Fed Chairman Ben S. Bernanke deflected criticism of U.S. monetary policy. (Mark Wilson, Getty Images )
Reporting from Washington — Federal Reserve Chairman Ben S. Bernanke won't pull back the central bank's easy money policies any time soon, even as the government is expected to report positive job growth Friday.
"Until we see a sustained period of stronger job creation, we cannot consider the recovery to be truly established," Bernanke said Thursday.
And though the economic recovery "appears to have strengthened in recent months," that growth isn't happening fast enough, he said.
That should be clear Friday, when the government is expected to announce that the economy created about 140,000 jobs in January. The figure is unlikely to make a dent in the nation's 9.4% unemployment rate.
As a result, Bernanke gave no indication the Fed would back off from the controversial stimulus plan that is pumping $600 billion from government bond purchases into the economy.
Indeed, he strongly defended the effort in the face of sharp criticism from top Republicans, strong objections from China, Germany and other global competitors and even questions about whether the central bank's actions helped fuel the crisis in Egypt by driving up food prices.
"I think it's entirely unfair to attribute excess demand pressures in emerging markets to U.S. monetary policy," Bernanke said in a speech and wide-ranging question-and-answer session with journalists at the National Press Club.
Nigel Gault, chief U.S. economist for IHS Global Insight, said that despite some improved economic indicators, Bernanke knows the recovery is going to be gradual. And that makes a change in the Fed's strategy unlikely.
"Once they embark on a program like that … it would take a lot to make them change," Gault said. "You'd need to see much better evidence, better than we've seen, to make them stop."
Bernanke sounded a slightly more upbeat note about the economy than Federal Reserve policymakers did after their meeting last week, Gault said. And with good reason. There have been more positive economic reports in recent days, including several on Thursday alone.
The Labor Department said first-time claims for unemployment benefits dropped to 415,000 last week, a decrease of 42,000 from the week before and well below the 425,000 that experts had estimated, on average. California was a major reason, accounting for about a third of the decrease.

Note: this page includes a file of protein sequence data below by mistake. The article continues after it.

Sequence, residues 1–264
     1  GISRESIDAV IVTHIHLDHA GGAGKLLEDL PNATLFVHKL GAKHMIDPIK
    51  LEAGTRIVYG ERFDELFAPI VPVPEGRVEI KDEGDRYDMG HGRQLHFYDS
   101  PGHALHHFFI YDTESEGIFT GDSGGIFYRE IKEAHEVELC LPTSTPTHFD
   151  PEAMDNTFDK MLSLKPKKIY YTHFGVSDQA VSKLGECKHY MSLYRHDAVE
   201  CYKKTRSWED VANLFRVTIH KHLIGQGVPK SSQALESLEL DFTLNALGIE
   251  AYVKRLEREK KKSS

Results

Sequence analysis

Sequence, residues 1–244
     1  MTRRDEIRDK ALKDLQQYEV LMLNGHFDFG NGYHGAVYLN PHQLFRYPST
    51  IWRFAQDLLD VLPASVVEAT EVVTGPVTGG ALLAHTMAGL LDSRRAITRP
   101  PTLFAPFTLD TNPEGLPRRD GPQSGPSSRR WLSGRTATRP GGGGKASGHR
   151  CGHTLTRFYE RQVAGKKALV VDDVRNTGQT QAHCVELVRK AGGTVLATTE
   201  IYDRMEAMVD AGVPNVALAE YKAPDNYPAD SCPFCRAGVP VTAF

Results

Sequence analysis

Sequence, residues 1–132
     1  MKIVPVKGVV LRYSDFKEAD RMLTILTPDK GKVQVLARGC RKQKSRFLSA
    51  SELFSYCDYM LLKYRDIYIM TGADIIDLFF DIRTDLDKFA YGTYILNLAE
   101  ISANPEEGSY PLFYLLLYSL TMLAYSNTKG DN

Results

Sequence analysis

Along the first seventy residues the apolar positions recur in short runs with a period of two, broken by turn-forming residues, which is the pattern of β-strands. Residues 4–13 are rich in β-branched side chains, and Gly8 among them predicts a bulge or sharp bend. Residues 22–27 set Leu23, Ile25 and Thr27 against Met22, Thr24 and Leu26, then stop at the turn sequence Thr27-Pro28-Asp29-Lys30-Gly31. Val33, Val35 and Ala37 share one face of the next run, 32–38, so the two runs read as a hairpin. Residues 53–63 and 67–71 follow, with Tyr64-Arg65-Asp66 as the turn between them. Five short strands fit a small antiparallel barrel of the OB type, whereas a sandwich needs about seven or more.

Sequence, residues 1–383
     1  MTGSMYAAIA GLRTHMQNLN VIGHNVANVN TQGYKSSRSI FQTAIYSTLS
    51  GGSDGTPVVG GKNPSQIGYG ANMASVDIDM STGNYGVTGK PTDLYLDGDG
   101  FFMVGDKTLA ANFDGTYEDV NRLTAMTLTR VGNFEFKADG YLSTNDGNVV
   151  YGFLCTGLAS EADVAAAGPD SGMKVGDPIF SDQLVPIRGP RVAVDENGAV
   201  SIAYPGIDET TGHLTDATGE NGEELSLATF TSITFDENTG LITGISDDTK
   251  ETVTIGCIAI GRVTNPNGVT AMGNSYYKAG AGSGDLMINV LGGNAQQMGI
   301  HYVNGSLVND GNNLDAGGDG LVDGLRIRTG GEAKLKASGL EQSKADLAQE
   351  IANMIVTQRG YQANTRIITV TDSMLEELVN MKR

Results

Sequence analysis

Sales at chain stores increased last month as well — up a surprising 4.8% compared with last year — despite the bad weather in much of the nation, according to the International Council of Shopping Centers, a trade group.
The Institute for Supply Management said Thursday that its service sector index grew last month at the fastest pace in five years. And orders to U.S. factories were up 0.2% in December, the Commerce Department reported.
"Looking at the whole range of statistics on the labor market, the sense is that employers are becoming more willing to hire," Bernanke said. "And I think we'll start seeing some stronger payroll reports and some lower unemployment rates pretty soon."
Even though more evidence indicates that "a self-sustaining recovery in consumer and business spending may be taking hold," Bernanke said, he warned that the economy still was far from where it should be.
The continued slow recovery from the Great Recession prompted the Fed in November to further stimulate the economy by starting to purchase up to $600 billion in Treasury bonds. That sparked concerns that the additional money in circulation would boost inflation.
Bernanke acknowledge some "highly visible" price increases, such as for gasoline and other commodities, but said "overall inflation remains quite low."
He argued the additional stimulus has improved economic growth, which has helped fuel higher stock prices as well. The Dow Jones industrial average rose for the fourth straight session Thursday, up 20.29 points to close at 12,062.26, its highest level since June 2008.
And Bernanke dismissed the notion that the Fed's large-scale asset purchases caused inflation overseas, including higher food prices that were a factor in the unrest in Egypt and Tunisia. Bernanke said fast growth in emerging markets was causing food and commodity prices to rise there.
Those countries, he said, can adjust their own monetary policies to deal with inflation, including adjusting their exchange rates, "which in some cases they have been reluctant to do" — a reference to China.
As for Egypt, Bernanke said, "If the dollar is weaker, the Egyptian pound is stronger. Clearly what is happening is not a dollar effect."
Bernanke also warned of the consequences of the soaring federal budget deficit, saying Congress and the White House needed to make tough decisions to reduce the "sustained high rates of government borrowing."
"Our nation cannot reasonably expect to grow its way out of our fiscal imbalances, but a more productive economy will ease the trade-offs that we face," he said.
A Fed committee is reviewing whether Bernanke should hold regular news conferences as a way of demystifying the central bank's work. Thursday's event was part of that outreach.
The session was not a typical news conference. As is its policy, the National Press Club asked for questions in writing from the audience. The host, club President Mark Hamrick, then asked Bernanke certain ones.
"On the one hand, real-time transparency is very important and valuable," Bernanke said of the possibility of conducting regular news conferences.
"On the other hand, we don't want to create unnecessary uncertainty, unnecessary volatility in financial markets by saying things that may be misinterpreted if they're too ad hoc."